Freed Woman and Freed Man Sculptures by Adrienne Rison Isom at the Juneteenth Memorial Monument at The George Washington Carver Museum, Culture, and Genealogy Center in Austin, Texas (Photo by Jennifer Rangubphai / CC BY-SA via Wikimedia)
In light of the focused awareness on the continuing damage that systemic racism does to humanity, and in recognition of the Juneteenth celebration of the end of slavery in the U.S., WFUV is spending extra time amplifying the words and voices of Black artists on Friday.
6am-6pm: WFUV Music Mix — Black Voices
We asked some of our favorite Black singers and songwriters if they had thoughts to share with us, and asked them to pick a song to play (one of theirs, or not) to mark the day. You'll hear their songs and messages throughout the day on FUV, and you can hear these artists and their song choices in the Spotify playlist below.
6-8pm: The Whole Wide World with Rita Houston
Program Director Rita Houston can build a music mix like no one else. For Juneteenth she's doing a deep dive into her personal picks of songs she truly loves by Black artists — from the joyful to the thoughtful, covering decades and many square miles. You'll hear Louis Armstrong to the O'Jays, Big Freedia to Whitney Houston, Taj Mahal to Arlo Parks... and you might even get some George Benson. [Available in the Weekend Archives for two weeks]
8pm-10pm: A Little Bit Louder Now
In this two-hour news and music special, FUV midday host Alisa Ali, news director George Bodarky, and assistant news director Robin Shannon talk with community leaders, musicians, academics and writers about Juneteenth and the power of music in working toward social change. [More information]
10pm-2am: The Gospel Roots of Rock and Soul
This documentary, produced by our friends at WXPN in Philadelphia, explores the history of Black gospel music and illustrates its significant influence on the formation of rock and soul music. Hosted by CeCe Winans, the 4-hour series starts with the history and foundation of black gospel from spirituals, and how those songs informed the music of the great gospel quartets. In examining how rock, soul and R&B grew from the roots of gospel, it highlights such highly influential artists as Sam Cooke, who transitioned from gospel to secular music; Sister Rosetta Tharpe and her early rock stylings; and Elvis Presley, who helped expose white audiences to gospel music. Examples of some of the most beloved contemporary pop music of the last 60 years from artists such as Aretha Franklin, Paul Simon, and Ray Charles illustrate gospel music’s influence. Gospel Roots of Rock and Soul also features exclusive live performances recorded by WXPN from gospel groups The Fairfield Four, The McCrary Sisters, and The Dixie Hummingbirds. You can find more information on the show's media-rich website.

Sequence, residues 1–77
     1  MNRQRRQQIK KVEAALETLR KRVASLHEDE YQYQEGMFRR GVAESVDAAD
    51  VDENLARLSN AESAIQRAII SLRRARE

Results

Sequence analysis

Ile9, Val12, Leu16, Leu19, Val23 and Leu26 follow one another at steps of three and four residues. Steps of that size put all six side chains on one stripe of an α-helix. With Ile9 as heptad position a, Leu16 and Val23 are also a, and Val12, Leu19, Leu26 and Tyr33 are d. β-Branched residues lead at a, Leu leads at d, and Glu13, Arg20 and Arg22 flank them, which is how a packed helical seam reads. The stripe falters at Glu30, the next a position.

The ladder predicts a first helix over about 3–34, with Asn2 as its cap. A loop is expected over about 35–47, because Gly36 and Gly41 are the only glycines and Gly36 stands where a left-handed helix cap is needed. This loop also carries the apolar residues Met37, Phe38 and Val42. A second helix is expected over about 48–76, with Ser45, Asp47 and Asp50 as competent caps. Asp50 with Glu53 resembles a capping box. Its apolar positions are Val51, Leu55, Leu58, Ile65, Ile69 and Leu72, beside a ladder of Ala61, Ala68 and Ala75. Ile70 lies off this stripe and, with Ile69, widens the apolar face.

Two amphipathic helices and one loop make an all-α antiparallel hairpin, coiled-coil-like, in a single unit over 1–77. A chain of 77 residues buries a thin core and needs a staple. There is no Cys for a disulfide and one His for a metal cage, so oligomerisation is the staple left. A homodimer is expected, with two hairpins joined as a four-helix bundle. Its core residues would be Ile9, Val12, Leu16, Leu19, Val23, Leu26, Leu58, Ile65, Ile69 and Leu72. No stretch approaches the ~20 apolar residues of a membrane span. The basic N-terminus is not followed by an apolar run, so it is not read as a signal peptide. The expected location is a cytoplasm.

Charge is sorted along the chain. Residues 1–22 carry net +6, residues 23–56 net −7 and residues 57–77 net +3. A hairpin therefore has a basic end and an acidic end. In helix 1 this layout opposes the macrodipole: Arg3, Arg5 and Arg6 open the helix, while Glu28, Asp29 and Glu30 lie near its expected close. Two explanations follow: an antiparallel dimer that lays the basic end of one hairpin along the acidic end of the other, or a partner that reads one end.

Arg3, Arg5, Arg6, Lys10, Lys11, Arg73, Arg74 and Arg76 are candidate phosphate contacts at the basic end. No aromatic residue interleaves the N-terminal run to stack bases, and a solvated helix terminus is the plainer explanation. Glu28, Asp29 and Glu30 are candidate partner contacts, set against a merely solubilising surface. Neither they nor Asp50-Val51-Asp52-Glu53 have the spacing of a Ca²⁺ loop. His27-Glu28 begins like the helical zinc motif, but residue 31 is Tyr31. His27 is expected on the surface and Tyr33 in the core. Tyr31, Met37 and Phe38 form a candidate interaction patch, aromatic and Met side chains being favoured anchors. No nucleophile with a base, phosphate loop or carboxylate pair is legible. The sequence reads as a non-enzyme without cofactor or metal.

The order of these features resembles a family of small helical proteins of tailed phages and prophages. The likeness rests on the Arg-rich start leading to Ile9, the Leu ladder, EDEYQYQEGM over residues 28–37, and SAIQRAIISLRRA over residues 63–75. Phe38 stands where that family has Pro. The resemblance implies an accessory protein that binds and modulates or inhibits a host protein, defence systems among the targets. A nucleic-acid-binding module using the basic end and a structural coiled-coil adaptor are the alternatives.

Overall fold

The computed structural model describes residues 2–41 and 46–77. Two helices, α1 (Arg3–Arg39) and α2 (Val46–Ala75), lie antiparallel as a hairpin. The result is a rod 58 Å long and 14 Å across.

- Anti-Racism Resources (Google document)
- Color of Change
- National Black Justice Coalition
- Showing Up for Racial Justice
WFUV: Juneteenth Playlist as selected by Adia Victoria, Benjamin Booker, Bettye LaVette, Devon Gilfillian, Don Bryant, Black Pumas' Eric Burton, Gail Ann Dorsey, The Suffers' Kam Franklin, Keb' Mo', Michael Franti, Tedeschi Trucks Band's Mike Mattison, Ruby Amanfu, Tank Ball of Tank and the Bangas, The War and Treaty's Mike and Tanya Trotter, Valerie June, Bandits on the Run's Regina Strayhorn, Esperanza Spalding, and Vernon Reid.
Artists and song choices:
1. Adia Victoria: Joshua Asante, "Everybody Gets Used"
2. Benjamin Booker: Yves Tumor, "Gospel for a New Century"
3. Bettye LaVette: Bettye LaVette, "Bless Us All"
4. Devon Gilfillian: Devon Gilfillian, "The Good Life"
5. Don Bryant: Ann Peebles, "Fill This World With Love"
6. Black Pumas' Eric Burton: Black Pumas, "Fire"
7. Gail Ann Dorsey: Donny Hathaway, "Someday We'll All Be Free"
8. The Suffers' Kam Franklin: The Suffers "Better" and Marvin Gaye, "You're the Man, Pts 1 and 2"
9. Keb' Mo': Keb' Mo', "Stand Up and Be Strong"
10. Michael Franti: Gil Scott-Heron, "The Revolution Will Not Be Televised"
11. Tedeschi Trucks Band's Mike Mattison: Scrapomatic, "Graveside Blues"
12. Ruby Amanfu: Ruby Amanfu, "How Beautiful You Are"
13. Tank and the Bangas' Tank Ball: Nina Simone "I Wish I Knew How It Would Feel to Be Free"
14. The War and Treaty's Michael and Tanya Trotter: The War and Treaty, "We Are One"
15. Esperanza Spalding: Esperanza Spalding, "How To (hair)"
16. Vernon Reid: The 1865, "Get Out" and Lighnin' Hopkins, "Slavery Time"